By Chris Emma–
(CBS) A certain level of awkwardness greeted Markus Wheaton’s arrival to Halas Hall, an unintended consequence to his entrance with the Bears.
Top receiver Alshon Jeffery had just spurned Chicago for Philadelphia and new quarterback signing Mike Glennon lost the target on whom the Bears had often relied for five seasons. On the same day, Wheaton arrived in Lake Forest to sign with his new team.
The 26-year-old Wheaton, now the elder statesman of the Bears’ receiving group, can’t be expected to accumulate Jeffery numbers, nor should he draw such a comparison, even if his plane to Chicago may have passed Jeffery’s to Philadelphia. But general manager Ryan Pace is hoping his team can find a combination of production at receiver with the newcomers Wheaton and Kendall Wright joining Cam Meredith and Kevin White.
Wheaton should be a major part of the Bears’ new-look passing attack. He expects to be busy.
“All over the field,” Wheaton said upon signing. “I played a lot of slot in Pittsburgh. I was also on the outside a lot. Being here, I wouldn’t want to put myself in a box and say that I’m a slot guy or outside guy. I want to do it all. Hopefully I’ll have the opportunity here to move around a lot. I want to make plays, I want to finish down the field. Whether you count that as a 1, 2 or 3 (receiver), that’s up to you.”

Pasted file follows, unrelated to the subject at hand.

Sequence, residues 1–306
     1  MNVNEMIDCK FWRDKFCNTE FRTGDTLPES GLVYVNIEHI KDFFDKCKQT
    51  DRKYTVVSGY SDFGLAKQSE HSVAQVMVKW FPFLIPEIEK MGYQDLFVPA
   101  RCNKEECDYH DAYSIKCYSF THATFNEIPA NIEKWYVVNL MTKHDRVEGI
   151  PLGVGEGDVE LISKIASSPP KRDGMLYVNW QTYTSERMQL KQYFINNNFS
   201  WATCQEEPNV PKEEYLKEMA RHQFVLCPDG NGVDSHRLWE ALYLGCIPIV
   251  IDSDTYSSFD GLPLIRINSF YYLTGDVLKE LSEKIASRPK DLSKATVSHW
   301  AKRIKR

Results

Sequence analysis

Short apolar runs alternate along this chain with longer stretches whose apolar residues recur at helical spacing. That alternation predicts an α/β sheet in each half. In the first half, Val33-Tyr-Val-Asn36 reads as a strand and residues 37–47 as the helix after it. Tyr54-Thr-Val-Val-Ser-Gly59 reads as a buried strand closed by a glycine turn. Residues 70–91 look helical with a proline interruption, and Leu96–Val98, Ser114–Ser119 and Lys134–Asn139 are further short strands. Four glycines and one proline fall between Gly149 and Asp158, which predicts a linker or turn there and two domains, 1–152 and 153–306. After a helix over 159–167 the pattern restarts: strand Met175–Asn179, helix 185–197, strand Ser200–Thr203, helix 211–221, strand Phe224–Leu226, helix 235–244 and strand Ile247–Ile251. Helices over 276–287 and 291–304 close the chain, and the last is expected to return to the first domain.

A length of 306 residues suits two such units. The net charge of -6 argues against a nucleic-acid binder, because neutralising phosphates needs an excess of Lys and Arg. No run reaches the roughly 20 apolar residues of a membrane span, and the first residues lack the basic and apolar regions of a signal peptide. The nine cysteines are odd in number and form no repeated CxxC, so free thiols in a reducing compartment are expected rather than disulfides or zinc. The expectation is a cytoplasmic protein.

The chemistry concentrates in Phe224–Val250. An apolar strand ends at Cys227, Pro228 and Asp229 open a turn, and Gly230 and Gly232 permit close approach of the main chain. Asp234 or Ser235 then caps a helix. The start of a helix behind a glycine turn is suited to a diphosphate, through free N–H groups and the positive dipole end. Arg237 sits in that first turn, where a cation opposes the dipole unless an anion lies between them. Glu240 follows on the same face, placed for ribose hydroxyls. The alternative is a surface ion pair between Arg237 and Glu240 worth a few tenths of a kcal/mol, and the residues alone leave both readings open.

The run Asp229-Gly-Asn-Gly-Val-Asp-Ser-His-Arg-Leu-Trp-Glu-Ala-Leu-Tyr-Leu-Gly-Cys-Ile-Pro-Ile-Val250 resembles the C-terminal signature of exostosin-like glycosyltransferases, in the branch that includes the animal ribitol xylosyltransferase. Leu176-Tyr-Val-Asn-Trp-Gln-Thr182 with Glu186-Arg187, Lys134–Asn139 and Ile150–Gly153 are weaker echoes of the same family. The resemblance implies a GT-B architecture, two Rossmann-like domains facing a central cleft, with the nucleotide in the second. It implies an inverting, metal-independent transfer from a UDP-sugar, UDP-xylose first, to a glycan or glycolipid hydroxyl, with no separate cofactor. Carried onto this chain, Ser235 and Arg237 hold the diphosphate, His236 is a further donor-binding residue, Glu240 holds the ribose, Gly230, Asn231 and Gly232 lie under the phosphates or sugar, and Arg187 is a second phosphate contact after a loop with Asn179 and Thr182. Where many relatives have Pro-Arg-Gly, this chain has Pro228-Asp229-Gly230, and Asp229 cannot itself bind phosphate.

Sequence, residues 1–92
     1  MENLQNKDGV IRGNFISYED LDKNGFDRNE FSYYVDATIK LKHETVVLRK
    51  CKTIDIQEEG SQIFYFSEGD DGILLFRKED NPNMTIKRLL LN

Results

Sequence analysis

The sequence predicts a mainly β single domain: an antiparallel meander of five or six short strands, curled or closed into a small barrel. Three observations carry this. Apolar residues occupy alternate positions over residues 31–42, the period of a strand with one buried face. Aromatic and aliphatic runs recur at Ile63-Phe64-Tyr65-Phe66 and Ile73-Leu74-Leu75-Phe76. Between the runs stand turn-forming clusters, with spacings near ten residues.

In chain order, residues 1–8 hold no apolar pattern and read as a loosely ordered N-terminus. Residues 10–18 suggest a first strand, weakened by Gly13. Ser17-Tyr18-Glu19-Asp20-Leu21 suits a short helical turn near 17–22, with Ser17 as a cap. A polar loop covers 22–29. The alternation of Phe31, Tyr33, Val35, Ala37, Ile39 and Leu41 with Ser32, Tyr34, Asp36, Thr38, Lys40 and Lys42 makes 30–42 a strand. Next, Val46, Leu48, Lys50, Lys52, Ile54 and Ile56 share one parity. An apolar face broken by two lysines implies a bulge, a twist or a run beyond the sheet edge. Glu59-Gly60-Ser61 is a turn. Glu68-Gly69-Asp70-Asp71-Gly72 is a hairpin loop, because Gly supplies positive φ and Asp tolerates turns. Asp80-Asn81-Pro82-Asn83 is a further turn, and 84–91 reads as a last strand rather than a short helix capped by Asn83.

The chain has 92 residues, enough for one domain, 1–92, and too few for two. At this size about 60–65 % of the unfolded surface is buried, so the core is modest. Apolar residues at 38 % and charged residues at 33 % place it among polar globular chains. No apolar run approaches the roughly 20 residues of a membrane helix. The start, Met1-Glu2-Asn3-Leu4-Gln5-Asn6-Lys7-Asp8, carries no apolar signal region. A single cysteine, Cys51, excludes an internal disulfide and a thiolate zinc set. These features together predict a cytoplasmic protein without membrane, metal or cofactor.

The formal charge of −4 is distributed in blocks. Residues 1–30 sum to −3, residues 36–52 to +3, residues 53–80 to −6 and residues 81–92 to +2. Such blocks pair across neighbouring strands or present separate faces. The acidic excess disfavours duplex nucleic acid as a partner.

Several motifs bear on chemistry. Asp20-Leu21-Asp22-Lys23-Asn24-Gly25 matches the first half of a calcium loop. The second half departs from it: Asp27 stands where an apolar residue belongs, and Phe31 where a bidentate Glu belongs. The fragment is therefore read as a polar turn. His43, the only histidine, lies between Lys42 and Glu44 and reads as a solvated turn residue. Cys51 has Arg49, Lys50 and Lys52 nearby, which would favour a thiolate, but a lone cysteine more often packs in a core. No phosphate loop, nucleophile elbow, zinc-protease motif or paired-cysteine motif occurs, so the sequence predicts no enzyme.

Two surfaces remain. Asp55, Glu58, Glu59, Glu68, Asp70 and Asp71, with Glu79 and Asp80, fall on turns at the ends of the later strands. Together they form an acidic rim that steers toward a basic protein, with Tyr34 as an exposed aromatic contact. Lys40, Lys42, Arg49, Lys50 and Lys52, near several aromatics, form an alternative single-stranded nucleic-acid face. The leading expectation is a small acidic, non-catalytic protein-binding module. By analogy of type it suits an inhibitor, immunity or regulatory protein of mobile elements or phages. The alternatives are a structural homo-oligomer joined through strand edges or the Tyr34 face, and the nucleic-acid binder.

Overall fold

A four-year veteran with the Steelers, Wheaton’s most productive seasons were in 2014 and 2015. He combined for 97 receptions for 1,383 yards and seven touchdowns in those two seasons, including a career-best five scores in 2015. He also played a role in the return game, which could continue in Chicago.
Wheaton was limited to just four receptions in three games last season while battling a torn labrum suffered in the preseason. He underwent surgery in December to repair the injury and hopes to be cleared for action come workouts in April.
While working as a complement to Antonio Brown in Pittsburgh, Wheaton posted 16 catches for more than 20 yards and seven for more than 40. He took advantage of favorable matchups in the Steelers’ high-octane passing attack.
Pace pointed to how Wheaton was ninth in 2015 with his 17 yards per reception average. That was no coincidence, he believes.
“He’s a guy who can really run and gives us that element in our offense that I think that we need — speed,” Pace said.
“I see myself as a deep threat that can make plays down the field,” he said.
The Bears are in a new place now at receiver without Jeffery. They weren’t willing to pay him like an elite receiver, so he took a gamble with a one-year, $14-million deal with the Eagles. Pace had to act quickly to add depth at a position suddenly of great need, with Meredith as the top returning target and White still an unknown. Chicago would love for Meredith to stay productive, for White to pan out and for Wright to find his old form.
With Wheaton now entering the fold, the Bears have a veteran whose versatility showed in Pittsburgh. He has the potential to get open deep down the field or find the first-down marker on a short-yardage situation.
He’s proud of the versatility that could help the Bears.
“You can label it how you want to label it, but I’m here to make plays,” Wheaton said. “I want to score touchdowns. I want to win games.”